A collaboration by Billy Idol guitarist Steve Stevens and musician/composer Cristina Pato on the bagpipes brought the crowd to its feet. It was preceded by a lighter moment.
"The brainpower in this room is different than the Viper Room," quipped Stevens, who was headed to perform at the notorious Los Angeles nightclub immediately following his session at the WWW.
A bus transported attendees and speakers alike to and from the Mission Inn and the conference each day. Even that commute yielded unscripted verbal exchanges and illuminations both during and after the actual conference.
A few of the conference highlights included the following:
Richard Saul Wurman mentioned during the first night that what the country needs is a "Secretary of Understanding." While that's something he's talked about for years, this created quite a buzz during the event. Understanding was a central theme throughout the entire event—for the humanities as well as the sciences.
The Performers, Entertainers, and Writers
Award-winning television producer Norman Lear and Dreamworks CEO Jeffrey Katzenberg both discussed the social, artistic, and technological influence their movies and television programs have held with society. Katzenberg spoke about the rate of technology change and the opportunity it provides today's filmmakers. He also talked about the first gifts we are all born with—watching and listening—and how the next phase of technology will involve moving from texting toward video, moving to the most fundamental, intuitive approach to consuming information. Lear talked about the social impact of All in the Family and the fact that he saw the ripple effect it left with people watching the show from all the mail he received.
Grammy Award winners and multiplatinum performers alike, Herbie Hancock and will.i.am spoke about the need for science, math, and technology education in the inner city. Of all the speakers, will.i.am brought an energy and engagement that was unparalleled. He proclaimed society didn't need another musician from the ghetto; it needed another Mark Zuckerberg from the ghetto. He talked about the work he's doing for his childhood neighborhood of Los Angeles. He leads the implementation of a science, technology, engineering, and mathematics (STEM) program at Roosevelt High School. For this and for all his philanthropic endeavors, he meets remarkable people so he can "sponge it up" and go back to the inner city where he can "rinse it out."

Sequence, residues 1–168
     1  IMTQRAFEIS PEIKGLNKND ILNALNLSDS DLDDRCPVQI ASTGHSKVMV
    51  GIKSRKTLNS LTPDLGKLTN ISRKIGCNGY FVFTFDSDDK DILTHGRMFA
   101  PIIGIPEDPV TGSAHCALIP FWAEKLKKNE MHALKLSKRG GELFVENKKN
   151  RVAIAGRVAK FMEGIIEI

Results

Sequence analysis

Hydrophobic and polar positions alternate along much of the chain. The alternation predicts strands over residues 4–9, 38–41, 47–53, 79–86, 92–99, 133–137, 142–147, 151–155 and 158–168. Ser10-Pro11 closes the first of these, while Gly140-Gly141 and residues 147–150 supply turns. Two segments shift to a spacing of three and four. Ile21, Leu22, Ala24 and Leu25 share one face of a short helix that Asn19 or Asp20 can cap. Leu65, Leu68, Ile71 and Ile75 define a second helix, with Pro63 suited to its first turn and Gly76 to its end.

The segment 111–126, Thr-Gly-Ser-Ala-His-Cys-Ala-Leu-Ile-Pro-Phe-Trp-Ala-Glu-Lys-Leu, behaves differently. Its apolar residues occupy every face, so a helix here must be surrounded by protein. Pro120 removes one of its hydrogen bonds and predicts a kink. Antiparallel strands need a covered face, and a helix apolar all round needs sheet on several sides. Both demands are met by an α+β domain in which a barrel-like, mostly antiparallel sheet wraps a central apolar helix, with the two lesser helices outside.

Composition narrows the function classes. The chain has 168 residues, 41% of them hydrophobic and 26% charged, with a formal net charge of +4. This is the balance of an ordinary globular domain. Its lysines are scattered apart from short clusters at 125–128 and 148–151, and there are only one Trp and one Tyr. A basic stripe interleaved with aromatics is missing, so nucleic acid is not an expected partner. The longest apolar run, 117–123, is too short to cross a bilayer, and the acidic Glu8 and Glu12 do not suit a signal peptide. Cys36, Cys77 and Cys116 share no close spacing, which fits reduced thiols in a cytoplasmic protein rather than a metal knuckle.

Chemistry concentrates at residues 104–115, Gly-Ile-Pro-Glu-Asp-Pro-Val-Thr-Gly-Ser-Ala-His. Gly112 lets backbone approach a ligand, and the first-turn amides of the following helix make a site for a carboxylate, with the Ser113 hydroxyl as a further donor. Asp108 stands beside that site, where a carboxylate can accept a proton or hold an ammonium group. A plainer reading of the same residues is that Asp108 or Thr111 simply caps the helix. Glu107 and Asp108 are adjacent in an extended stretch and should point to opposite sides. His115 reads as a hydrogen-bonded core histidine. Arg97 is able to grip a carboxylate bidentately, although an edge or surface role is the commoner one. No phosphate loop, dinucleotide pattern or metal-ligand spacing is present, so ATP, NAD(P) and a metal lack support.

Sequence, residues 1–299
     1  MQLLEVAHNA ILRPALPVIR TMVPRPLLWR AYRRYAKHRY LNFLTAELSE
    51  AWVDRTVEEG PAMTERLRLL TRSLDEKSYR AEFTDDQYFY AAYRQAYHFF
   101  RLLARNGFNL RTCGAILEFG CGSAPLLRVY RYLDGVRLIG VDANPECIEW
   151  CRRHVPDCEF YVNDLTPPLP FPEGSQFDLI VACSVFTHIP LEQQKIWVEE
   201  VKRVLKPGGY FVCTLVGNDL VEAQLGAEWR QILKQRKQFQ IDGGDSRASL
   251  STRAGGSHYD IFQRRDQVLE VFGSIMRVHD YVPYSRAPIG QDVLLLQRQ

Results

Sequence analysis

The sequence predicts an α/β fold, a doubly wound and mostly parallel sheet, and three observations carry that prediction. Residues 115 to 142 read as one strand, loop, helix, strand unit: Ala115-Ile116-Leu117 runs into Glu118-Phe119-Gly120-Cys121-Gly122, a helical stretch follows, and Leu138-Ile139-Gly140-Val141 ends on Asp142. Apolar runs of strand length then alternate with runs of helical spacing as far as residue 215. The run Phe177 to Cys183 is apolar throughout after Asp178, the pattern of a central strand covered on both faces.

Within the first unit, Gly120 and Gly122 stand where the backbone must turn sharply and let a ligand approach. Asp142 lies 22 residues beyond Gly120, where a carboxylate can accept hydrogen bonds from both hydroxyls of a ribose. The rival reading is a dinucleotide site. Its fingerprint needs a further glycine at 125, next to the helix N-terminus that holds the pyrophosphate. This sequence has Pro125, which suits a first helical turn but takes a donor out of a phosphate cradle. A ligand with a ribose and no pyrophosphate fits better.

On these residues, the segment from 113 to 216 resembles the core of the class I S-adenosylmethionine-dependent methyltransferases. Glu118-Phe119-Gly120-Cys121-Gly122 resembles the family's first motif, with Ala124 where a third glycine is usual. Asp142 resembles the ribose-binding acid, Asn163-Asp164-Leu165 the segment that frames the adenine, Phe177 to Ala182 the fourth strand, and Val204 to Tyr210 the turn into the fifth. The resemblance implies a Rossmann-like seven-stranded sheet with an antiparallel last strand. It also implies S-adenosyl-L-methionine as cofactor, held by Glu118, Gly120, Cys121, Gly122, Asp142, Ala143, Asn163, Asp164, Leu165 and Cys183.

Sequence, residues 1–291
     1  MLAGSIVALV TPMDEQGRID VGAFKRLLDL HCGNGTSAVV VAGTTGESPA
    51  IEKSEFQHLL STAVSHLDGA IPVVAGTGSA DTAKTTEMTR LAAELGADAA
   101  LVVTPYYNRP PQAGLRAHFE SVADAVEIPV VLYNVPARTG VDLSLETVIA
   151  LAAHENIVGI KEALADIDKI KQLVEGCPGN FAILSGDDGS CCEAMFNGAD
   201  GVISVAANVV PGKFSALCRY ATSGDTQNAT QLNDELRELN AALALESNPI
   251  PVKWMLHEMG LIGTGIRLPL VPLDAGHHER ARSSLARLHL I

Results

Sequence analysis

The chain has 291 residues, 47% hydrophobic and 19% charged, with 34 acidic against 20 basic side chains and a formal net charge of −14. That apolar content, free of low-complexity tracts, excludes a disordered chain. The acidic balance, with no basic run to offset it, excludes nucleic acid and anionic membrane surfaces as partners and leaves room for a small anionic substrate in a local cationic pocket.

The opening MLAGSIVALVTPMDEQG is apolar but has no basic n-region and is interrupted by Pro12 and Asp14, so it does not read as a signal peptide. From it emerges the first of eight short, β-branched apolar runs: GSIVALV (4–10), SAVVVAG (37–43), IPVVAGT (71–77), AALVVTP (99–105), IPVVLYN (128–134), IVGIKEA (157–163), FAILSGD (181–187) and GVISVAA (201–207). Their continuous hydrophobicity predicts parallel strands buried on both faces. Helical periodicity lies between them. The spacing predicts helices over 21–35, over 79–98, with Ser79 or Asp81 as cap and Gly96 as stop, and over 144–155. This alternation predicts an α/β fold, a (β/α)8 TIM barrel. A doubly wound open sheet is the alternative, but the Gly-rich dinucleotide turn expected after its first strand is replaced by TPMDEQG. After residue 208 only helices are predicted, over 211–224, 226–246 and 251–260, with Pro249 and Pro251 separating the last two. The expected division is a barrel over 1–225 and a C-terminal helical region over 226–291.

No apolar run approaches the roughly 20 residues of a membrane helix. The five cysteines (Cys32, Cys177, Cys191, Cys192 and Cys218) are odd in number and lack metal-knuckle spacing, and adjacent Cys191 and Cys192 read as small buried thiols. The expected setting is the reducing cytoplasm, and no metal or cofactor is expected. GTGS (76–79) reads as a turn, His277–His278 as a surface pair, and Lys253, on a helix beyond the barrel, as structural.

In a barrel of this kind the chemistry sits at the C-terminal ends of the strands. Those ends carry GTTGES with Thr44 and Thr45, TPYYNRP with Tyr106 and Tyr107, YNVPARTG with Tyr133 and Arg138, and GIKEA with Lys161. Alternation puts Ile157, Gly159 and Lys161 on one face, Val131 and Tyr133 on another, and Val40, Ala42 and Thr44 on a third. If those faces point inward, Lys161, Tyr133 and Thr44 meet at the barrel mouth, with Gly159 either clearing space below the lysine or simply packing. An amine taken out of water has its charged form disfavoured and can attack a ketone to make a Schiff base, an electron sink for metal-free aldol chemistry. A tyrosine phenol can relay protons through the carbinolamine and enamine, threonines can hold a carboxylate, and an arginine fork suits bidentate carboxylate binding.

Yo-Yo Ma and Pulitzer Prize-winning journalist David Brooks talked about the conditions and requirements for the life of music and writing. While one is a virtuoso and the other an insightful wordsmith, both touched on the discipline that goes hand in hand with creativity. Yo-Yo Ma described his formative years, age 4 to 15, as a focused, concentrated time with thousands of hours spent forging his art. Brooks talked about the daily work—the tumult and toil—that goes into writing a weekly political opinion column, particularly in today's fast-paced society. The challenge is to focus our attention. As he put it, you have to be so committed to something that you lose yourself to find the meaning of things.
The Scientists, Architects, and Researchers